Journal Article

Association of <i>p73</i> G4C14-to-A4T14 (GC/AT) polymorphism with breast cancer survival

Hongxia Li, Lihua Yao, Tao Ouyang, Jinfeng Li, Tianfeng Wang, Zhaoqing Fan, Tie Fan, Bin Dong, Benyao Lin, Jiyou Li and Yuntao Xie

in Carcinogenesis

Volume 28, issue 2, pages 372-377
Published in print August 2006 | ISSN: 0143-3334
Published online February 2007 | e-ISSN: 1460-2180 | DOI: http://dx.doi.org/10.1093/carcin/bgl153
Association of p73 G4C14-to-A4T14 (GC/AT) polymorphism with breast cancer survival

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p73 gene shares structural and functional similarities to p53, and plays an important role in modulating cell-cycle arrest and apoptosis. A common non-coding polymorphism of exon 2 of the p73 gene (designated as GC/AT) may affect gene expression, thus, it may lead to functional significance. The correlation of this polymorphism with breast cancer survival has not been investigated. In this study, by using genomic DNA p73 GC/AT polymorphism was detected by PCR-SSCP in 526 breast cancer patients with a median follow-up of 7.3 years. Among the 526 breast cancer patients, 4% of the patients were homozygous for the AT/AT genotype, 39% were heterozygous GC/AT and 57% were homozygous for the GC/GC genotype. We found that patients with the GC/GC genotype had a significantly worse clinical outcome than did patients with the AT Variants (AT/AT or GC/AT genotype) (5-year disease-free survival, 74.2 versus 95.0 or 84.1%, P = 0.02; 5-year overall survival, 78.9 versus 95.0 or 87.5%, P = 0.01, respectively). As compared with the GC/AT and AT/AT genotypes, the GC/GC genotype remained an independent prognostic indicator of disease-free survival (HR 1.82, P = 0.003) and overall survival (HR 1.99, P = 0.004) in multivariate analysis. Our results suggest that the GC/GC genotype is significantly associated with poor prognosis in breast cancer and raise the possibility that analysis of p73 polymorphism may provide useful prognostic information for breast cancer patients. Additional independent studies are needed to confirm these findings.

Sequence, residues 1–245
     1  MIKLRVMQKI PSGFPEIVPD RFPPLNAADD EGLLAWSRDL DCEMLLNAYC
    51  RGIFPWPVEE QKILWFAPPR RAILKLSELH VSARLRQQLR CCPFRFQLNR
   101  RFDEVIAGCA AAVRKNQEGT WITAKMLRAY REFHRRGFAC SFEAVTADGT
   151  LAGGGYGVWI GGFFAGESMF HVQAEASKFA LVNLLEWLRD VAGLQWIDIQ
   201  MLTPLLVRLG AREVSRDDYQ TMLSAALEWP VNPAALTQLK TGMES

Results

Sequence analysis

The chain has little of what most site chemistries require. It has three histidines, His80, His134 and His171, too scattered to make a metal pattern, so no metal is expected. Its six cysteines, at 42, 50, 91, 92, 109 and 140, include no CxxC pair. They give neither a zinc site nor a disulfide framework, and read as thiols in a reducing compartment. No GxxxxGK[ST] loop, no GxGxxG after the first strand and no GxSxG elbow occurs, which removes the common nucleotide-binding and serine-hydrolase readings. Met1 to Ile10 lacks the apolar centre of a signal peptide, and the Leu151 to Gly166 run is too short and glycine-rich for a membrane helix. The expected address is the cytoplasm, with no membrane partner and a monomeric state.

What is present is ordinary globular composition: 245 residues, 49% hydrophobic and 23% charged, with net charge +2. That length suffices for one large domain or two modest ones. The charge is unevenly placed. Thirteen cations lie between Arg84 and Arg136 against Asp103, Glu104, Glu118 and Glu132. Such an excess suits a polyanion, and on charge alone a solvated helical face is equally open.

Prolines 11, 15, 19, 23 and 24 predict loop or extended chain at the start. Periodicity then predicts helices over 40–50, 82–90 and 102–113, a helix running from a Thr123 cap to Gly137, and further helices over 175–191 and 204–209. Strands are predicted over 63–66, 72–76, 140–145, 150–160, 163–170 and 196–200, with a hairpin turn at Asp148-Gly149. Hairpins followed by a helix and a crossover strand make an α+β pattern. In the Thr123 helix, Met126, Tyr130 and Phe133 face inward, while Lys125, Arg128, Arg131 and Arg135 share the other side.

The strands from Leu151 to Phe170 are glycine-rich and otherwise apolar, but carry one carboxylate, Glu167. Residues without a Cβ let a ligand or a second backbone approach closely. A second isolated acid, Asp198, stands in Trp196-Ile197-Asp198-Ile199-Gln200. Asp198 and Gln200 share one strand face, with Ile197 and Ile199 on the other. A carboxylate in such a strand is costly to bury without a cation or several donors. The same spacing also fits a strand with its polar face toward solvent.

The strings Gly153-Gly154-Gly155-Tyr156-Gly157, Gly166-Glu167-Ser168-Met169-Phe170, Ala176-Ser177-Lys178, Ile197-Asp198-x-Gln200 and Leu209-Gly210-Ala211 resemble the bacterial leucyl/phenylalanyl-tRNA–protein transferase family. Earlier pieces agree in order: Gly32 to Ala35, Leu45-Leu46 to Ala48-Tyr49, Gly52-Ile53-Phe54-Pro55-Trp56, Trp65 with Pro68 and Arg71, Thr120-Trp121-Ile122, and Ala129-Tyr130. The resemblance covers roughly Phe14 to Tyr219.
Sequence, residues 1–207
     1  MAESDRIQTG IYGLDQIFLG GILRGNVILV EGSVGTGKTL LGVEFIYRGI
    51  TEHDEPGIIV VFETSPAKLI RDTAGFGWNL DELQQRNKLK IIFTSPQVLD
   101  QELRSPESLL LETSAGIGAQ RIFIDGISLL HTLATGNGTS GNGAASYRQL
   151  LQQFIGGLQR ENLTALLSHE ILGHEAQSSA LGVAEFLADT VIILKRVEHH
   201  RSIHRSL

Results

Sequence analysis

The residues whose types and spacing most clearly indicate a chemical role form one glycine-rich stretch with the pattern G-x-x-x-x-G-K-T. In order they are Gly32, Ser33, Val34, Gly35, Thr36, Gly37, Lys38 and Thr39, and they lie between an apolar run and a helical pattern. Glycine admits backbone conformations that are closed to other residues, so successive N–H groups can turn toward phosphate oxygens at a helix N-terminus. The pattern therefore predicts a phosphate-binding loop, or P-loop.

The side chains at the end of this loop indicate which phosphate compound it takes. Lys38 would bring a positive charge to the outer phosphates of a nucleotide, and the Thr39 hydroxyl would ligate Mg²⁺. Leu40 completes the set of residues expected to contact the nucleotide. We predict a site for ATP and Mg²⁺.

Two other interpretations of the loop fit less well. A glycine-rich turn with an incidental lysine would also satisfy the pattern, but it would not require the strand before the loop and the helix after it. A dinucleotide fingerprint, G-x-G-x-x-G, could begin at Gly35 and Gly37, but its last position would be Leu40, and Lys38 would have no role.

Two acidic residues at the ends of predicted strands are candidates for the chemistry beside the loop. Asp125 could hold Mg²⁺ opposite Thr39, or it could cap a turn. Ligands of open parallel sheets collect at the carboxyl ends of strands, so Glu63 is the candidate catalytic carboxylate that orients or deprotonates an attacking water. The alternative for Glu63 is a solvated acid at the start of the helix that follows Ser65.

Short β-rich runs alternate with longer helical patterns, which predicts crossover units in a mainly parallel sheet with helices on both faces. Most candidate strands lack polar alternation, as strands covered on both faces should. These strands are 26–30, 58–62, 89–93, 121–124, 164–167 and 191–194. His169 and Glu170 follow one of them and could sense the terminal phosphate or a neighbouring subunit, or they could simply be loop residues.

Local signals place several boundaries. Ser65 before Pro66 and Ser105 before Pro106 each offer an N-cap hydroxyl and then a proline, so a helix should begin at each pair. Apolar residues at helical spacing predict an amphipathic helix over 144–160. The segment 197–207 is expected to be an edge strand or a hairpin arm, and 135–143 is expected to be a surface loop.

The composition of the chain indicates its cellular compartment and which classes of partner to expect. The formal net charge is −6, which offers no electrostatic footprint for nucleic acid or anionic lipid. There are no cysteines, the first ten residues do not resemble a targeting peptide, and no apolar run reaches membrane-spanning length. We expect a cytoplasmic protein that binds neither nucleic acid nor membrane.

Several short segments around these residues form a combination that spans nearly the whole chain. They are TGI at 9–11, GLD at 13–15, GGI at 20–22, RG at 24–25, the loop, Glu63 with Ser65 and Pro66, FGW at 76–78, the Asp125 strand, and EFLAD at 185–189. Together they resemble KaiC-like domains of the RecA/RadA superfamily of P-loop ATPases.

Journal Article.  4075 words.  Illustrated.

Subjects: Clinical Cytogenetics and Molecular Genetics

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